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What do you do in a world ravaged by a relentless virus which is pushing people away from each other, necessitating social distancing and bringing on the world’s biggest work from home experiment? You go digital! Yes, among the few key things that the ongoing COVID-19 situation has taught us, the ways in which emerging technologies are going to be game changers for almost every industry, definitely stands out. Organizations worldwide, at various stages of digital adoption/transformation are scrambling to put their efforts on the fast lane and those businesses that were happily chugging along the traditional business tracks are now waking up to the fact that they need to evolve or perish.
We recently conducted a survey in which enterprises across US and North America participated. 81% reported a major hit on revenues, 75% had digital implementations in progress to be prepared for events such as these in future, and 63% believed investing in digital would be beneficial in the long run. Obviously, when it came to employee safety, remote working and social distancing were on everybody’s priority list. This brings us to the question at hand-how can organizations ensure their new employees as well as those who require upskilling, get quality training while adhering to safety norms at all times?
A resounding answer to this would be virtual reality-a technology that has been at the forefront of simulated training for a while now and under the present circumstances, finds itself elevated to almost the status of a savior in the fields of manufacturing and healthcare. Given time, workshops, facilities, refineries and others would open up, but in a world that’s more cautious and on-edge than ever. VR-based training modules could help companies create interactive, immersive simulations of real life complexities and hazards for employees and ensure they are equipped for every possible response while avoiding crowds and human contact.
Among notable names that are already using VR to onboard employees and improve their skills are Walmart, KFC, Boeing, UPS and many other F500 companies. With a stereoscopic 3D effect created by the headset, accompanied by stereo sound, the experience makes people feel like they are in the environment physically and with movement of the head and body, the world moves as well. Objects in real life that people would interact with are presented and can be used in the same way in an identical environment. With no risk of actual debacles, scenarios could be made more challenging than they are normally expected to be, so those entrusted with handling them can basically be prepared for any eventuality.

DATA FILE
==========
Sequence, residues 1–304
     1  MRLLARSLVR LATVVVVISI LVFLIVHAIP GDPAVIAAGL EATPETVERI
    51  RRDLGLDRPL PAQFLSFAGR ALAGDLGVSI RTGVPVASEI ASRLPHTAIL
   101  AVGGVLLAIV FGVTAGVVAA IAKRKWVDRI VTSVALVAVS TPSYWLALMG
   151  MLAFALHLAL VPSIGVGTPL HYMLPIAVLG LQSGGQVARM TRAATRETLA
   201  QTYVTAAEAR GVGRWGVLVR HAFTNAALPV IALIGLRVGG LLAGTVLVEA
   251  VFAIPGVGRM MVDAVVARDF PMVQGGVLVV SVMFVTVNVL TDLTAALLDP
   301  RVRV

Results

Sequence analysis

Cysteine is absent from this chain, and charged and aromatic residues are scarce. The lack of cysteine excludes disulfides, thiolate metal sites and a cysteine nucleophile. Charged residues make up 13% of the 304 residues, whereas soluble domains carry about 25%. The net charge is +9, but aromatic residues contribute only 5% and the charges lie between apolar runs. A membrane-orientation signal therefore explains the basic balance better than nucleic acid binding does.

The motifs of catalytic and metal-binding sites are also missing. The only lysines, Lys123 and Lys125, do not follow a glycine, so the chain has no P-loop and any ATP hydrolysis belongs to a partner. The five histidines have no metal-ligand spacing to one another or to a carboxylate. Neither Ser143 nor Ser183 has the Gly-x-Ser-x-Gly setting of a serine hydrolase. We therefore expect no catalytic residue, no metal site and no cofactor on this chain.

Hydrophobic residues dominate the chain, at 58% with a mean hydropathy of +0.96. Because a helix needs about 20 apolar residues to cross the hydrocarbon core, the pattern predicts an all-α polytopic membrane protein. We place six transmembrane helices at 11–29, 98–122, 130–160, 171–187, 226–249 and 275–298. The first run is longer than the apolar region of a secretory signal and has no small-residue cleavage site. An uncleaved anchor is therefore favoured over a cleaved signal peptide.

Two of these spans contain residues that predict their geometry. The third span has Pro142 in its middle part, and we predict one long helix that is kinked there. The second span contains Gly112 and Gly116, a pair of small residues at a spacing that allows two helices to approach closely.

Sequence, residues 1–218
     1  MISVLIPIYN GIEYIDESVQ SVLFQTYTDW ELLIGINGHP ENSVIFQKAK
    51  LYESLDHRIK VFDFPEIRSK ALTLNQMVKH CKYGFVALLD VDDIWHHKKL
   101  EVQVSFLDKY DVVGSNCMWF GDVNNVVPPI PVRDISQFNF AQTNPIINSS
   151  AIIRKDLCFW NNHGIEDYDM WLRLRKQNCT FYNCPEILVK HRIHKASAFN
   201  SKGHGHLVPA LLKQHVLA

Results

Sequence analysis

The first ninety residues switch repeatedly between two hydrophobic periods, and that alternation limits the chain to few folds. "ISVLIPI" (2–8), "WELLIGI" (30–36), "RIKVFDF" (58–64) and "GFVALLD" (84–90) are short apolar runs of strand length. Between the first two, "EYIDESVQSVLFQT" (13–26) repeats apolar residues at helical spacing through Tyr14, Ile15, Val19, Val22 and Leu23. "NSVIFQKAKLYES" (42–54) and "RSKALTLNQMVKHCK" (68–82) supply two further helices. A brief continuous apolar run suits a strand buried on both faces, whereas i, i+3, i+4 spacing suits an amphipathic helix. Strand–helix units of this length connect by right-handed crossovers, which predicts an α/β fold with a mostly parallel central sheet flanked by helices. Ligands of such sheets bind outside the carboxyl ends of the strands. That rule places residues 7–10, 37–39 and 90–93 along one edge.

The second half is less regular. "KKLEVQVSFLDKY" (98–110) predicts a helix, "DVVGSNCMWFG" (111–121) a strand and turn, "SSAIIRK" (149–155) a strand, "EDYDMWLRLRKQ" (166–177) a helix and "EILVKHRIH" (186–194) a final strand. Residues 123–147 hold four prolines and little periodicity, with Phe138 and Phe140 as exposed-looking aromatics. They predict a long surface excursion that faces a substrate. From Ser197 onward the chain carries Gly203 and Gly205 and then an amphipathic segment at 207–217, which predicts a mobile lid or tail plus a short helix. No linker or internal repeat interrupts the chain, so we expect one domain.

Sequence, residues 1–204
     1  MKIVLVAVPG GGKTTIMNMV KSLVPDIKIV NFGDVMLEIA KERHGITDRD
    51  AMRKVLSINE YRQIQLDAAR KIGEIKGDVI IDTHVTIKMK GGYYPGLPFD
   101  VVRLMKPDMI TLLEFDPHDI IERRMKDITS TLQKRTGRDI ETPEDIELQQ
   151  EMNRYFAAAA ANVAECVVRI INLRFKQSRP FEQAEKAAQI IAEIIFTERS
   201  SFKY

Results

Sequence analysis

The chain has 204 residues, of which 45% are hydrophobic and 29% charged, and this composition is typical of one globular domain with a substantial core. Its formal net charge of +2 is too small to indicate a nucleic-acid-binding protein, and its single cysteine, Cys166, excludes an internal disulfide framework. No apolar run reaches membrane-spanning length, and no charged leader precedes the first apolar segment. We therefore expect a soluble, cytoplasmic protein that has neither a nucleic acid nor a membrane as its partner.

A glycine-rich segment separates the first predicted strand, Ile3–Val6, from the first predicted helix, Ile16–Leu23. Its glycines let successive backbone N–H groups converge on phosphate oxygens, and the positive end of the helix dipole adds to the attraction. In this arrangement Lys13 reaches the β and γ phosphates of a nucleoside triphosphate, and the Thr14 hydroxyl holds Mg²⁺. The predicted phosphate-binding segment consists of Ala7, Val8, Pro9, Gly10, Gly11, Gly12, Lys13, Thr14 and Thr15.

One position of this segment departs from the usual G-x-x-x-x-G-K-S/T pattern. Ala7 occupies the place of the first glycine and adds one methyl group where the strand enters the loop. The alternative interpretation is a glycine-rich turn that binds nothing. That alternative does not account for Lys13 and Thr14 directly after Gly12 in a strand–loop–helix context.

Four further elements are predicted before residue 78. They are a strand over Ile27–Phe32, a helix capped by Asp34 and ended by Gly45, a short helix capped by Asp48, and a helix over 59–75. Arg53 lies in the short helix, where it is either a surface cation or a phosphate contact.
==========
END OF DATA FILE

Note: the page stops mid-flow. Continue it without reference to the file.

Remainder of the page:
When we were approached by a company that wanted to train their employees in the nuances of firefighting, we immediately zeroed in on VR as the tech of choice. Researching the actual environments in which the firefighters would likely operate, our teams created a number of meticulously detailed scenarios which engaged and challenged the participants in a number of ways. This accomplished 2 things-the company saved a great deal of time and expenses they’d have spent by physically creating such environments and the employees were exposed to way more tricky situations than what could have been possible if the company was depending on “real” training.
Apart from these advantages, it’s been observed that employees actually learn faster in a VR environment and companies experience increased retention and productivity. A technology which, at one point, was thought to be mostly targeted at revolutionising the video game industry, has now found popular usage in an entirely different sphere.
Simply put, VR adoption will only increase in the coming years. Already, healthcare professionals, who are at a high risk of contracting coronavirus, are being trained in PPE usage and other safety measures with VR. Walmart has VR headsets in over 4500 stores and have trained more than 80,000 of their associates with them. The global market is expected to grow to more than $16 Billion by 2023, and while consumer spending will be a large part of it, industrial usage, such as training modules will keep growing exponentially to a level where it will amount to 3X that of the consumer market within 3-4 years.
While training remains one of the most popular applications of industrial VR, its use-cases go beyond that. In e-commerce for instance, it’s used to give customers a feel of products which makes it easier to make purchase decisions. Given the world will be doing things differently in the coming years, VR can be a cornerstone for organisations which are going through some major transitions as we speak. For over a decade, [x]cube LABS has helped enterprises worldwide go through such transitions and AR/VR is one of our core service offerings. Need to know how you can leverage them for your training and other needs? Get in touch!